Factory Factory pattern: easier than using a container

Here’s a simple example of a class that creates file transfers using different protocols, which can be combined into a big queue later:

public class TransferFactory : ITransferFactory
{
    public Transfer CreateFtpTransfer(string path)
    {
        return new Transfer(path, ftpStreamFactory);
    }
    
    public Transfer CreateHttpTransfer(string path)
    {
        return new Transfer(path, httpStreamFactory);
    }

    public Transfer CreateSmbTransfer(string path)
    {
        return new Transfer(path, smbStreamFactory);
    }

    public Transfer CreateSftpTransfer(string path)
    {
        return new Transfer(path, sftpStreamFactory);
    }
}

It’s based loosely on something I wrote last week at work, and you can see some pretty classic examples of the Strategy and Abstract Factory patterns here. But where do all the stream factories come from? You could inject them all separately:

public class TransferFactory : ITransferFactory
{
    public TransferFactory(IStreamFactory ftpStreamFactory,
        IStreamFactory httpStreamFactory,
        IStreamFactory smbStreamFactory,
        IStreamFactory sftpStreamFactory)
    {
        this.ftpStreamFactory = ftpStreamFactory;
        this.httpStreamFactory = httpStreamFactory;
        this.smbStreamFactory = smbStreamFactory;
        this.sftpStreamFactory = sftpStreamFactory;
    }

    ...
}

But classes like this are horrible to register in an IoC container. Named instances, kilometers of identical positional parameters, and nothing preventing you putting them in the wrong order by accident… messy.

A tidier approach would be to employ the factory factory pattern, where instead of injecting all the factories separately, you just provide one that can create them all:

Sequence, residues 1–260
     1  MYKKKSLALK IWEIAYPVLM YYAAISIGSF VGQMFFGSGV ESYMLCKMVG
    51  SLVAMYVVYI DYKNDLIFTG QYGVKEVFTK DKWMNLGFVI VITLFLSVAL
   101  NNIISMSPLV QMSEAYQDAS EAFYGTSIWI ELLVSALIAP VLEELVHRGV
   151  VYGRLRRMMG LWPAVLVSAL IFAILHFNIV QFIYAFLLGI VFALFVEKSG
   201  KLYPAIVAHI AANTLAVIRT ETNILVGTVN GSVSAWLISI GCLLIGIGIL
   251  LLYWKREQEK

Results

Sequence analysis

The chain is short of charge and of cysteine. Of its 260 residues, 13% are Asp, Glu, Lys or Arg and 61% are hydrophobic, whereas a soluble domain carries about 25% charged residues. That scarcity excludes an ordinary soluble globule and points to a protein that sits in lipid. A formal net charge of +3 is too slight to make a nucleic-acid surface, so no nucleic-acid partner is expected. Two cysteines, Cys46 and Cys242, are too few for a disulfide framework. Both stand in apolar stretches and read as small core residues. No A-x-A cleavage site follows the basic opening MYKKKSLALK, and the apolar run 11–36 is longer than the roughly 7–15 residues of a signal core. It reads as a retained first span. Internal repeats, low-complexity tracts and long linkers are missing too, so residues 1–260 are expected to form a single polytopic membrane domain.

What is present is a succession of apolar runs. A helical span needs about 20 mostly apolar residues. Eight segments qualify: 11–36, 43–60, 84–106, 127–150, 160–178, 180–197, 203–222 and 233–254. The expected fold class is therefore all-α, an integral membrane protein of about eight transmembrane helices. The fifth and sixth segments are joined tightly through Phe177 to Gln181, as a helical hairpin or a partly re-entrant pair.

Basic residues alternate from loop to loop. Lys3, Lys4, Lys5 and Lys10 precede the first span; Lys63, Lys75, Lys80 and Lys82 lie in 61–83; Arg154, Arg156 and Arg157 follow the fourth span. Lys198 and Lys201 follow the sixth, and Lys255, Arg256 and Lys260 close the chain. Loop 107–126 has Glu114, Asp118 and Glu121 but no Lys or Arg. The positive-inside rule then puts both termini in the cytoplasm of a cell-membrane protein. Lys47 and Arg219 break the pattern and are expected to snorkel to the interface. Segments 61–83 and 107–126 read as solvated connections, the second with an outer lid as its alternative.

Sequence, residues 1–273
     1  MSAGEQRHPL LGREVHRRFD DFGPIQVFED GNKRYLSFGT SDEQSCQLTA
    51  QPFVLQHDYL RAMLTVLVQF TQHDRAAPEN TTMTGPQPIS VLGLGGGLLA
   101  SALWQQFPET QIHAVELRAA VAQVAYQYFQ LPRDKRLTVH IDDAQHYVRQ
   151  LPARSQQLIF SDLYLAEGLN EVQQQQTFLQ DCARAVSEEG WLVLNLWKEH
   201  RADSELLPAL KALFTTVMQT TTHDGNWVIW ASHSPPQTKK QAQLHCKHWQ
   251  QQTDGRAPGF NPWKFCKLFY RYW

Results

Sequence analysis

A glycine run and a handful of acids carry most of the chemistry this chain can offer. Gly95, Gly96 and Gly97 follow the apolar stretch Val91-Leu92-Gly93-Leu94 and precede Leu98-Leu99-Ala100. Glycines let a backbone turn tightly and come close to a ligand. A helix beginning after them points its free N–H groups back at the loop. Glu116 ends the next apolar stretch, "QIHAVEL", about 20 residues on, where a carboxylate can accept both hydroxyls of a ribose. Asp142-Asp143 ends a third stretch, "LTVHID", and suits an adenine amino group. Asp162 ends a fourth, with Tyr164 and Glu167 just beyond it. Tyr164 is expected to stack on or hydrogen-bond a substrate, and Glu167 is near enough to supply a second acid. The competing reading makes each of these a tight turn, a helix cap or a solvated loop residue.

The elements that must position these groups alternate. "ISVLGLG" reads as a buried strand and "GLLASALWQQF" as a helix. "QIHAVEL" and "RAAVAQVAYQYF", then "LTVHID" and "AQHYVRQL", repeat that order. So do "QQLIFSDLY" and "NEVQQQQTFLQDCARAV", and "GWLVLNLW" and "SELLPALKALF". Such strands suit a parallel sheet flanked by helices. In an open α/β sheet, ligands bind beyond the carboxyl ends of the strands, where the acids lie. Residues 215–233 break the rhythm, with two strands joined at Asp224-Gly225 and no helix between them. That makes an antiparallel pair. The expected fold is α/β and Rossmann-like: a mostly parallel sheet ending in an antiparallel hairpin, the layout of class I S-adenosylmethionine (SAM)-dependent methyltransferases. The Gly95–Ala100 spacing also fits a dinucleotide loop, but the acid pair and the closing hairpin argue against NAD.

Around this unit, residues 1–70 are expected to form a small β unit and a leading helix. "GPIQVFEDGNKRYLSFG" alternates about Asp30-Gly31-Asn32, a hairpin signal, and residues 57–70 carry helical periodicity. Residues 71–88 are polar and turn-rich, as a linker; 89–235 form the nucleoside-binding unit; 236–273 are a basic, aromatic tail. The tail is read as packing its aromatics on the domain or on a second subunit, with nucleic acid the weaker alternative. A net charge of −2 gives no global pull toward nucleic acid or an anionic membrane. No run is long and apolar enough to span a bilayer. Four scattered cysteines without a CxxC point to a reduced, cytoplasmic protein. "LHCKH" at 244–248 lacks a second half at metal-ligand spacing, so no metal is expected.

public class TransferFactory : ITransferFactory
{
    public TransferFactory(IStreamFactoryFactory streamFactories)
    {
        this.streamFactories = streamFactories;
    }

    public Transfer CreateFtpTransfer(string path)
    {
        return new Transfer(path, streamFactories.CreateFtpStreamFactory());
    }
    
    public Transfer CreateHttpTransfer(string path)
    {
        return new Transfer(path, streamFactories.CreateHttpStreamFactory());
    }

    ...
}

Now some would argue that having factories to create factories is a sure sign of being an architect astronaut, and noone should ever need such a thing. But in examples like this I think they are entirely appropriate, and make your code that much easier to work with.

March 17, 2010

5 Comments

Thom Lawrence on March 17, 2010 at 11:37 pm.

Why not just pass concrete classes in the constructor?

Richard on March 18, 2010 at 10:04 am.

Thom : how do you know what the concrete types will be?

Chris Canal on March 18, 2010 at 1:04 pm.

We use convention based resolution with Castle Windsor for things like this. We resolve dependencies based on the constructor parameter name that matches the implementations registered key.

Mike on March 31, 2010 at 1:56 pm.

You can use ServiceLocation- like Microsoft’s ServiceLocator functionality in the EntLib. You ask a third-party (the service locator) for the concrete class based on your interface. Same principle as the Factory-of-Factories, without the need for constructor injection.

Thom Lawrence on May 15, 2010 at 12:54 am.

Even if for some odd reason you have multiple FtpStreamFactories, they should all derive from something more specific than IStreamFactory. There is no reason to be passing four IStreamFactories into that constructor – pass more specific types and the problem goes away entirely. As does this FactoryFactory monstrosity. :P

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